Movement culture is the openness to everything, from parkour to isometrics, to whatever, the willingness and conscious activity of engaging in and experiencing something new. That’s why the problem of “learning” and the presence of “teachers” is so common in movement culture. The question practitioners of movement culture constantly pose themselves is: what shall I do now?

That’s where the influencers come into play. Their work can be described as fighting to establish new paradigms of movement in the public sphere, which can gain traction among the influencees and by which they secure their status as influencers (because they presented it before influencees reposted it). Some typical examples of these paradigms are handbalancing, chest-to-bar pull ups, QDR, etc. Of course, endless other options are possible but performing these very likely will mark you as an enthusiast of movement culture.

In case “establishing new paradigms of movement” sounds trivial, think again. These paradigms serve the important purpose to provide movers with some common ground, some shared pursuit which people can speak about. Without these we might be all lost in our idiosyncratic endeavors, no hope to meet a kindred spirit.

What are movement practitioners such as myself looking for, one might wonder, if movement culture as a concept mostly means exploration, lacking further substantial content? Inspiration, I think. (Health, well-being and fun are also to be found in movement culture, of course, but are not exclusive to it, can be found in other disciplines as well.) Like philosophers engage with the terms and thinking of other people to develop their own, movers want to immerse themselves in “new” or at least different moves — not become like the people they learn from but to develop themselves, to further find their own ways (an unending pursuit).

The search for new experiences does not rule out repetition, of course. As most readers of ThinkMovement will have experienced themselves, new experiences can also be made just by repeating the same thing. A move or workout can feel completely different after you have practiced it a while – in the end, at the appropriate level of awareness, each day in your body feels unique. Also, repetition opens up one’s perspective for nuances, individual particularities, specific conditions of the day. Like each person has a unique way of pronouncing a word, so everybody does push ups slightly differently, the exercise itself remaining the same.

This concept of movement culture explains a few things. For one, it underlines the importance of individual engagement in a pluralistic universe of possibilities: surely you can share your experiences and ideas (just like I do mine here) with like-minded individuals, but in the end each mover is on his/her own unique journey. Where that leads only you can answer. But to be on that journey, movers need to use their agency constantly, countering the endless influx of influences, using it for their own so as not be made passive by it.

There is no single “method” or way of engaging in movement culture, there are only methods and ways, each potentially interesting for an individual at a given time.

Seeing movement culture this way also clarifies why many of us are so critical of movement influencers “selling out”. The stain of capitalism is particularly hard to pardon to the movement guru because she/he (by practicing movement culture) is supposedly engaged in an independent, individual ,and somewhat artistic activity. We want our explorer to be looking for new experiences, not selling us a prepackaged convenience item. It certainly makes me uneasy to see the pursuit of freedom as another kind of “job”. That being said, movement culture can be considered a great laboratory for a new form of sustainable and fair economy (I guess most influencers and influencees understand that we all must live.).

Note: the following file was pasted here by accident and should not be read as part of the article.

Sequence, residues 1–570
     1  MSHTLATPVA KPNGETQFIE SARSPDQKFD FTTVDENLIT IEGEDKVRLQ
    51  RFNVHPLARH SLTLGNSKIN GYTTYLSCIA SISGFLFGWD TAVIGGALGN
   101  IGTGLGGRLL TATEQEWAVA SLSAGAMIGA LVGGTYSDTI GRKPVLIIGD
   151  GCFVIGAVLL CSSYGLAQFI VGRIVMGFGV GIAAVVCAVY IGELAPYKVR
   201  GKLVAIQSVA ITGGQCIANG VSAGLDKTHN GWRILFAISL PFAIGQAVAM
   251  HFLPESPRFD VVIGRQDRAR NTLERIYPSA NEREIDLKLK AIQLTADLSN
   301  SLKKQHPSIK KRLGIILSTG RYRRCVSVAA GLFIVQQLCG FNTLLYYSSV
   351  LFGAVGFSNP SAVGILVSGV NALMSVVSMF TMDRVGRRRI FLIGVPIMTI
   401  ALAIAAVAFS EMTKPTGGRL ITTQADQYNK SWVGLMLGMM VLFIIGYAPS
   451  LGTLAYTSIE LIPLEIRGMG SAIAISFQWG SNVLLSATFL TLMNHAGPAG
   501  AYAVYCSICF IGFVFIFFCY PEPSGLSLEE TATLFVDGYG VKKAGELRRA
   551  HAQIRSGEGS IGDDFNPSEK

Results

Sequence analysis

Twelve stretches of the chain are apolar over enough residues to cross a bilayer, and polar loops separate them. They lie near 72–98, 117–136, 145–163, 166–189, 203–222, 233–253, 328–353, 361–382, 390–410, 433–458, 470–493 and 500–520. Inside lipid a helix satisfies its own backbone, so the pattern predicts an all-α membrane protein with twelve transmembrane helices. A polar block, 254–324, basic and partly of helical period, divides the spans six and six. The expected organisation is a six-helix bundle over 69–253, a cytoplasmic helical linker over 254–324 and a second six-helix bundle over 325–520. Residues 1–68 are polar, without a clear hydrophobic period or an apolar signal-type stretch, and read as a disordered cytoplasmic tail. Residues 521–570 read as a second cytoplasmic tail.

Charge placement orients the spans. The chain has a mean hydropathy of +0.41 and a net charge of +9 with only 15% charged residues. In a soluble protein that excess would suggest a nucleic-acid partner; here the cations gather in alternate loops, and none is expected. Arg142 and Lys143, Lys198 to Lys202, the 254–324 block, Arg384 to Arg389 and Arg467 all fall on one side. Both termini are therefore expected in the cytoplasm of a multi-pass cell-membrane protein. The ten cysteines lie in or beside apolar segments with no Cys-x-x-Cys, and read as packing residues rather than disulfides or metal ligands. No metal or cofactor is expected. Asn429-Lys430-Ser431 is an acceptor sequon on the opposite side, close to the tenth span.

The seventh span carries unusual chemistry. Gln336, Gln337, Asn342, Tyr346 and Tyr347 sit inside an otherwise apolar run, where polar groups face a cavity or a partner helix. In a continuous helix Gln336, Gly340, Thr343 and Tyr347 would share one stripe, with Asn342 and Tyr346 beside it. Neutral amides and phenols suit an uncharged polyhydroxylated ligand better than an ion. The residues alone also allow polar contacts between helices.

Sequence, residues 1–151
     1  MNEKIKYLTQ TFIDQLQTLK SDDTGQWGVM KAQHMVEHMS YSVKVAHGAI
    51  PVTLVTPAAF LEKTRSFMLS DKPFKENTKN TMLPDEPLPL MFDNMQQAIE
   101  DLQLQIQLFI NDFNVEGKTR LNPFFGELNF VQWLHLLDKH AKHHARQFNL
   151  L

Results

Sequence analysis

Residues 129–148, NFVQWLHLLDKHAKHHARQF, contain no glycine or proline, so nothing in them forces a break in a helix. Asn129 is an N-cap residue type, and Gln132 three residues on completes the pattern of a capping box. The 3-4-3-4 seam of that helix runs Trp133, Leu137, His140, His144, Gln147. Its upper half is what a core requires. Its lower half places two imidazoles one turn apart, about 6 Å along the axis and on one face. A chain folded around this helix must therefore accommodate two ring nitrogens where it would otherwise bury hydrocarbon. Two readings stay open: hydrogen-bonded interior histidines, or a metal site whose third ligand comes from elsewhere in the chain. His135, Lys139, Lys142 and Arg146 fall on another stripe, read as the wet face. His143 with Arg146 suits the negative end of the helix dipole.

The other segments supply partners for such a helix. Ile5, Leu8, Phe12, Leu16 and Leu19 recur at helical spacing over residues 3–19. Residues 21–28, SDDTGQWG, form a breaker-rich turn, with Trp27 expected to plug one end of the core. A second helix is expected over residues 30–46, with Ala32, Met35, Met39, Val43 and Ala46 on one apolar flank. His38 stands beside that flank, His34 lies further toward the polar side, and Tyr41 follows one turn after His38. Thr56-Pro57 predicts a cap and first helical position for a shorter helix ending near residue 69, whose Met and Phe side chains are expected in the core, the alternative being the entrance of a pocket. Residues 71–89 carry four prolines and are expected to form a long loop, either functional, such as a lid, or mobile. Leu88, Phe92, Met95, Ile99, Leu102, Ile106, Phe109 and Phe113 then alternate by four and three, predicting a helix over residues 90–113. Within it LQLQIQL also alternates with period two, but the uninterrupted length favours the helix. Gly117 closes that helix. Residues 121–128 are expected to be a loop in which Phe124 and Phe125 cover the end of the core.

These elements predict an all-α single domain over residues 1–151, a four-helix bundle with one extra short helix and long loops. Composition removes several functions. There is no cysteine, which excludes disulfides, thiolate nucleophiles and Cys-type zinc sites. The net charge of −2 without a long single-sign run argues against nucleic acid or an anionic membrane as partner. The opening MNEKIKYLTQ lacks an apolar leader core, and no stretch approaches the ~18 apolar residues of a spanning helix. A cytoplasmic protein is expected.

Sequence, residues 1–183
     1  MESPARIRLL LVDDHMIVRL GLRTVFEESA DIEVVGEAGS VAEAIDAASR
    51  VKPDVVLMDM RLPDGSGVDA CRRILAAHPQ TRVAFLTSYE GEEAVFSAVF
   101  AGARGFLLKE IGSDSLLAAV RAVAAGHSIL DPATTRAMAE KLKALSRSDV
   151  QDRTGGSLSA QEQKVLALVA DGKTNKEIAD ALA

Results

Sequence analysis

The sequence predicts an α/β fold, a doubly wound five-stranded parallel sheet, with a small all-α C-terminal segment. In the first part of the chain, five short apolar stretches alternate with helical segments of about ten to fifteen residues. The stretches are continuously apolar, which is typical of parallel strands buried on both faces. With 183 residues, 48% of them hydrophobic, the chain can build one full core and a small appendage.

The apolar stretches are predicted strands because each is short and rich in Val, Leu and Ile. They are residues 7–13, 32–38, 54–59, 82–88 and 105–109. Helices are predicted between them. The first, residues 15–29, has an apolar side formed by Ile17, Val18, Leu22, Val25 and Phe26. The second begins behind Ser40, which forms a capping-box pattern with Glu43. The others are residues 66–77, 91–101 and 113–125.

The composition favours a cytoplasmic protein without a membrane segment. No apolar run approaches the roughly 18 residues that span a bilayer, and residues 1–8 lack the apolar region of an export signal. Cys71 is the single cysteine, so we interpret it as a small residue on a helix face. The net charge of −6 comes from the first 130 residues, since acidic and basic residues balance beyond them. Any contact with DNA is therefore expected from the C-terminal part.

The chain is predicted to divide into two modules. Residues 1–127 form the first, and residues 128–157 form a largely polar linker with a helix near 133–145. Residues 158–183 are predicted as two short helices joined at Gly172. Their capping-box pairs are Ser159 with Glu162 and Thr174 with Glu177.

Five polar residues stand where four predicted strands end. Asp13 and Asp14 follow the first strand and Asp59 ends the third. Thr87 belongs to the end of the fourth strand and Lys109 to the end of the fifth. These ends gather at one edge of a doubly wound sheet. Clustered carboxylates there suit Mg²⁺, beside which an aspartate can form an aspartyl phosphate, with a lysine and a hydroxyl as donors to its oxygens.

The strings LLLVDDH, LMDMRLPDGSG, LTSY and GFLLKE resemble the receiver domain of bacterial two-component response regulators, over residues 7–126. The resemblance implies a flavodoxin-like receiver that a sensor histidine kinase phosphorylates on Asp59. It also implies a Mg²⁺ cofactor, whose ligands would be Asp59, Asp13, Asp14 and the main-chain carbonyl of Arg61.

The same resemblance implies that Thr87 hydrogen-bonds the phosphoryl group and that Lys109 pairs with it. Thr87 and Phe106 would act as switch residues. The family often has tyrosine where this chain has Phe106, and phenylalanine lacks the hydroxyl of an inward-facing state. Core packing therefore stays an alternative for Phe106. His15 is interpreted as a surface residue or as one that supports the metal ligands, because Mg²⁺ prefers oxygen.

What this view of movement culture also shows are some opportunities and threats which might loom further down the road. Let’s begin with the pitfalls: one danger that I see is that movement culture could become a totalitarian type of “schooling” project.  As it can encompass everything, the danger is that “teachers” for every little bit of life in your day pop up to help you “improve”. (Think you can already chew your sandwich? Think again! Develop your chewing muscles and your whole life will transform along with the food in your stomach!) In that scenario, movement culture would be the endless activity of the hyper-busy person of today, for whom there’s always something to do, to learn, to improve. (Need a break? Take a supercharged break! Want to sleep? Learn to sleep first!) The curiosity I highlighted as important would be replaced by a never ending feeling of deficiency that needs to be addressed by a never ending succession of cures and programs.

Another, less harmful, danger could be that with movement culture going mainstream it flattens out to the simple repetition of specific moves. Without individual exploration, people would visit a movement culture class just like going to a Thai Bo session. In that case, current movement culture enthusiasts would probably just look for a new umbrella term for their endeavors.

And what about the opportunities? Like the reverse of the threat just mentioned, movement culture could become even more individual. In fact, it’s already getting there, I think, with platforms such as ThinkMovement and more (non-commercial) influencees sharing their ideas and experiences among each other. New ways of sharing evolve, new meetings await.

As movement culture is already an existential endeavor, linking it to more openly “spiritual” practices from esoteric and religious sources is easy. As far as I am aware of this is currently being done already (I think of Physical Alchemy here, and of Andre Miller’s solemn Instagram channel). This can yield exciting new perspectives and, on a broader level, could help spreading a more wholistic understanding of mind, body and society.

There are certainly a lot of exciting things ahead, but movement culture needs the input of all, needs the ongoing exchange, discussion, and correction of its community. (It probably does not need a designated movement brand). Thinking about it again, I concede that maybe it is wrong to consider movement culture as some unified activity. Maybe there is only a movement community; it’s definitely the most important feature of movement culture.